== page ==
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New financing partnerships

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As the banks tighten up on lending, astute investors are becoming more creative when raising capital.

Property markets in many provinces are
still in the doldrums, but astute investors
are leveraging the latent opportunities and
entering into partnerships to finance projects. 

Apart from Cape Town, which is still
enjoying solid growth, residential property
prices are expected to grow at a sub-inflation
rate over the next five years or so, and this, in
conjunction with more people opting to rent,
provides opportunities for investors who can
access multiple properties. 
This is where the real value kicks in, says Gary
Palmer, chief executive of Paragon Lending
Solutions, which uses its portfolio of lending
products, network of funding partners and
own balance sheet to address clients’ needs
for property or bridge financing and working
capital. 
“Many investors are making use of this time
to build their portfolios, particularly looking to
scale their investments. The problem, however,
is that banks are shying away from risk and
investors looking to move fast on opportunities
must be creative when structuring their
finance.” 
In the past, Palmer says traditional lenders
were “much more willing” to fund acquisitions,
but now banks are only looking at 65% to 70%
of loan values, or even declining deals they
would have previously supported. 
“This creates
a funding gap and means investors will need to
be creative when assembling working capital,”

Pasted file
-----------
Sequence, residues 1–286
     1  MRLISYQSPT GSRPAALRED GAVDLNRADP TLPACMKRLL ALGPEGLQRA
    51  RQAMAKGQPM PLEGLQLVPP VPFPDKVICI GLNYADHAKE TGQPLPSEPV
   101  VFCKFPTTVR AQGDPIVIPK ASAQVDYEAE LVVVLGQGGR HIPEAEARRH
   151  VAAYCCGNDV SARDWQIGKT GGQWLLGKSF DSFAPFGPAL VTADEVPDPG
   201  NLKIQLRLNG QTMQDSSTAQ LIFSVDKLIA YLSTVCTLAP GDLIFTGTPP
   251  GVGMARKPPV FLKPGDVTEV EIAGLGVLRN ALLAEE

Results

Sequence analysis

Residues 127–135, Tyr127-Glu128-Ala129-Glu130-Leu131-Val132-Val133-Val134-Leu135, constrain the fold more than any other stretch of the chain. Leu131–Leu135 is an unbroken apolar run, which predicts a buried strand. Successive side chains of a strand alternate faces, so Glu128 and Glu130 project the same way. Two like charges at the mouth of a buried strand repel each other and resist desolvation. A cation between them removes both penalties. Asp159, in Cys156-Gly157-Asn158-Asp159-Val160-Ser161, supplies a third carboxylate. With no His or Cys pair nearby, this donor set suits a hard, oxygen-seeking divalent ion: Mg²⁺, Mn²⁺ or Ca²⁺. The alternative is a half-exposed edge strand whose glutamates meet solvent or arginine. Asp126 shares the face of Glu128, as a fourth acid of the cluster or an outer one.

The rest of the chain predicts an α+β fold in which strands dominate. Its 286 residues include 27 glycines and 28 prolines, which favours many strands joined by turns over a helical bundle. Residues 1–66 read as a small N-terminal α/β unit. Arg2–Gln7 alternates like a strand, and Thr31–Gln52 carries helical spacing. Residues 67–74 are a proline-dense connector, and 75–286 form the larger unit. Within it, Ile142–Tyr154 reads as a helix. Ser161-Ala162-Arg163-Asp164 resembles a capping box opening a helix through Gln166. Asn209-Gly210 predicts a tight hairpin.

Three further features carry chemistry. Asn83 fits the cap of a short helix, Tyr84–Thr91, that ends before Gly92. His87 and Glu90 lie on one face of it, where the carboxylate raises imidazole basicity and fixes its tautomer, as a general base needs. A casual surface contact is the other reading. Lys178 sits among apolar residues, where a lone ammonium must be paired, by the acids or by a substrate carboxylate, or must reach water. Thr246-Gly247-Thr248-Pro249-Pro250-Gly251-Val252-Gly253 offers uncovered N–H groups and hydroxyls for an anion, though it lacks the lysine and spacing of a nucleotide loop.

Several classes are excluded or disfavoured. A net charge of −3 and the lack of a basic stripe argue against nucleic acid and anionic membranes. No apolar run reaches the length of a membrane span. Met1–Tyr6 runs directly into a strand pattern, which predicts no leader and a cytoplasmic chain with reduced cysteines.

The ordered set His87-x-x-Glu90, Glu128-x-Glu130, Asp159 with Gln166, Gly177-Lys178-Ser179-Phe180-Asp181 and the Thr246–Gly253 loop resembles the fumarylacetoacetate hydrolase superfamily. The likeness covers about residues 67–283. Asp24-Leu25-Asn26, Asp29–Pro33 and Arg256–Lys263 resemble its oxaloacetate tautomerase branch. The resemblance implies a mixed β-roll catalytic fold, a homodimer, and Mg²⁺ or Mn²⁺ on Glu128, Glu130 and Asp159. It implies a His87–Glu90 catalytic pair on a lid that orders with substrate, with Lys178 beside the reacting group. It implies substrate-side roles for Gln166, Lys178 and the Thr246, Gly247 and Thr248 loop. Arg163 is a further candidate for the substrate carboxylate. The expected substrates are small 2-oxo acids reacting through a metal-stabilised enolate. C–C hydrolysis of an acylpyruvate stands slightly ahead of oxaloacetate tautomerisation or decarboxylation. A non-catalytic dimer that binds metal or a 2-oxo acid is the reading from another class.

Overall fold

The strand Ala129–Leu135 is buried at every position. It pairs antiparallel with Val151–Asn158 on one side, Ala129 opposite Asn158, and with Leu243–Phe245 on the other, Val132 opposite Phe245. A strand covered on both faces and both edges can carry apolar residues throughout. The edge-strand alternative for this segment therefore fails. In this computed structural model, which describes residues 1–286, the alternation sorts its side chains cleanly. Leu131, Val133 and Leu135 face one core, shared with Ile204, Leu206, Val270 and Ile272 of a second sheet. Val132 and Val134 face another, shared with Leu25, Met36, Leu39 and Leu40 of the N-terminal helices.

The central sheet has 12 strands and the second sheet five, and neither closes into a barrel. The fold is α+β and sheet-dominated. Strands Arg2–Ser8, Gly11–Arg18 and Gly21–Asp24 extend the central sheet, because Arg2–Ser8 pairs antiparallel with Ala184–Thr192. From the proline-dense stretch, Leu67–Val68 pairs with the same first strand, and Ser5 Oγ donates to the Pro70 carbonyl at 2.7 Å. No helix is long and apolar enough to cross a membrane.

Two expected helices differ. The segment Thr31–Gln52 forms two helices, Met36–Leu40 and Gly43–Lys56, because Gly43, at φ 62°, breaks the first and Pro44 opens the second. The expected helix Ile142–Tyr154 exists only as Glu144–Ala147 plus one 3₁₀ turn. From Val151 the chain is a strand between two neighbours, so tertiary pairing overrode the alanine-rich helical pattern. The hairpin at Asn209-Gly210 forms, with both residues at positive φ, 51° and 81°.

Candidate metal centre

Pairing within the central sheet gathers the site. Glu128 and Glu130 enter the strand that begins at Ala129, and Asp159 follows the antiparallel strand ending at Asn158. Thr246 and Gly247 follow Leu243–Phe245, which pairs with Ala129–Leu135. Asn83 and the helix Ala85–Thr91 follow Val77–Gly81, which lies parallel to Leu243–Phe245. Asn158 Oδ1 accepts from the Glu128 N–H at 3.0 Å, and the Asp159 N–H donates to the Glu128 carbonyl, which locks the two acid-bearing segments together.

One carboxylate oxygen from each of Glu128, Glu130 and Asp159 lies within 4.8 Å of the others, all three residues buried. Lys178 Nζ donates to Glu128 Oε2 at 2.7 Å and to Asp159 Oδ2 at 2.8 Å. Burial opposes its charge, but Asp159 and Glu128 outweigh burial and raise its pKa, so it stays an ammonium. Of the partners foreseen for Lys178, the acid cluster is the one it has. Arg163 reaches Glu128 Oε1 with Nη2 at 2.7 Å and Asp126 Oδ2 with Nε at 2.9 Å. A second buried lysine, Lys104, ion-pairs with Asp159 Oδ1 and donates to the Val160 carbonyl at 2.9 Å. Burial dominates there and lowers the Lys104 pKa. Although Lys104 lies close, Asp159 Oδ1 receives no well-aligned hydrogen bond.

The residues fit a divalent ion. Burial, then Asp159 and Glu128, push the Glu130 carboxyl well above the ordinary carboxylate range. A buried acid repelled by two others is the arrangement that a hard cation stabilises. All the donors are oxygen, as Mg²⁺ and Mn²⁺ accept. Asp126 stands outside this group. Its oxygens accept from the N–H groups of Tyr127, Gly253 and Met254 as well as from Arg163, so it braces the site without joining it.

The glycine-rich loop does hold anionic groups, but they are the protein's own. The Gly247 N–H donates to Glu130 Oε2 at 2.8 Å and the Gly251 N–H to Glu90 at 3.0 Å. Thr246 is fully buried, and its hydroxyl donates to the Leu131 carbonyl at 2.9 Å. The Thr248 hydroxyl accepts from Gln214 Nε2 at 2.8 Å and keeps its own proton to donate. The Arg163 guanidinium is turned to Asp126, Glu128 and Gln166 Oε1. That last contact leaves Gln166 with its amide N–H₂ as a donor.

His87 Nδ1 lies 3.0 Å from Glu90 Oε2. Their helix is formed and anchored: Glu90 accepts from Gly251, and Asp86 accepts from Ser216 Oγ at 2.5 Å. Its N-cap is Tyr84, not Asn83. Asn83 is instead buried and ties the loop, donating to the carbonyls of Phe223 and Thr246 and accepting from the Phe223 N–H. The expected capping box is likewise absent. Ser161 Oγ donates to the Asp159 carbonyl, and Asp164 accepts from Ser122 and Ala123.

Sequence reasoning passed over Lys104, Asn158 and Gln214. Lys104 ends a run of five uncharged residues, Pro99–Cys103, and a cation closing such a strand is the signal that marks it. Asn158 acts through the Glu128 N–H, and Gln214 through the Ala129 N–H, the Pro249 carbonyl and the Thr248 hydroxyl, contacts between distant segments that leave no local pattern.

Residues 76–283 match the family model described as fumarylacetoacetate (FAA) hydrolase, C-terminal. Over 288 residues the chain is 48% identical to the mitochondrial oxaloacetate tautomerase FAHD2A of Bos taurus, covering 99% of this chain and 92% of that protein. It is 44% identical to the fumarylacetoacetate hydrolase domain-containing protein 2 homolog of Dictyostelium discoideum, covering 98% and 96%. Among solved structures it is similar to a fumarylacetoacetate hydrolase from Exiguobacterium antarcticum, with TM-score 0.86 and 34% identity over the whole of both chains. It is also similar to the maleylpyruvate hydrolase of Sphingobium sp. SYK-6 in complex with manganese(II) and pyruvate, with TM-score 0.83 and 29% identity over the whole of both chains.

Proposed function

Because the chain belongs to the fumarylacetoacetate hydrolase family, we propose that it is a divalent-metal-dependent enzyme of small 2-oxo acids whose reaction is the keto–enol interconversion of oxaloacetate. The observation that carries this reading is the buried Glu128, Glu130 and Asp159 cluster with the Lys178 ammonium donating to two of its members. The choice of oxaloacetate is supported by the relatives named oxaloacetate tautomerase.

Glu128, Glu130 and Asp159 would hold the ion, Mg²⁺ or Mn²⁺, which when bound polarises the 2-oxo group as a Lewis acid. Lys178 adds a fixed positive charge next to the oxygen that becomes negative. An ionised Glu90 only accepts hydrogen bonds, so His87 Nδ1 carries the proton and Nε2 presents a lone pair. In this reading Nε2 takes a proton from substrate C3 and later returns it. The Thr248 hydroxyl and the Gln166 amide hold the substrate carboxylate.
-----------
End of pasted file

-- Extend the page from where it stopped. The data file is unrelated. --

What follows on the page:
Palmer says. 
He says partnering with organisations which
have access to extensive networks of both
traditional and alternate lenders gives investors
a “significant edge”, not only to secure the
finance, but also in how financing deals can be
structured to meet their unique requirements.
As an example, he says one client, an
astute investor, approached his company with
R5 million to put down on a R50m deal. 
“Rather than spending many months sourcing
the remainder herself, we accessed R35m from
the banks and then found her an equity partner
to secure the remainder. 
The investor was able
to move quickly and snapped up a deal which
might otherwise have been lost. 
“A client in Joburg approached us
with an excellent opportunity in the
fast growing student accommodation
market. Paragon structured the deal by sourcing
senior debt and bridging finance.” 
In another arrangement a client with a R5m
bank loan needed another R5m for a deal he
was pursuing. Working with him, Palmer says
the company found a partner and structured the
deal between them to deliver optimal value. 
He says it is important for investors to
remember that no matter what kind of funding
they secure, any organisation or individual who
puts money into a deal has expectations, so
investors must “view their investors as partners,
not keep them at arm’s length”.
Property360
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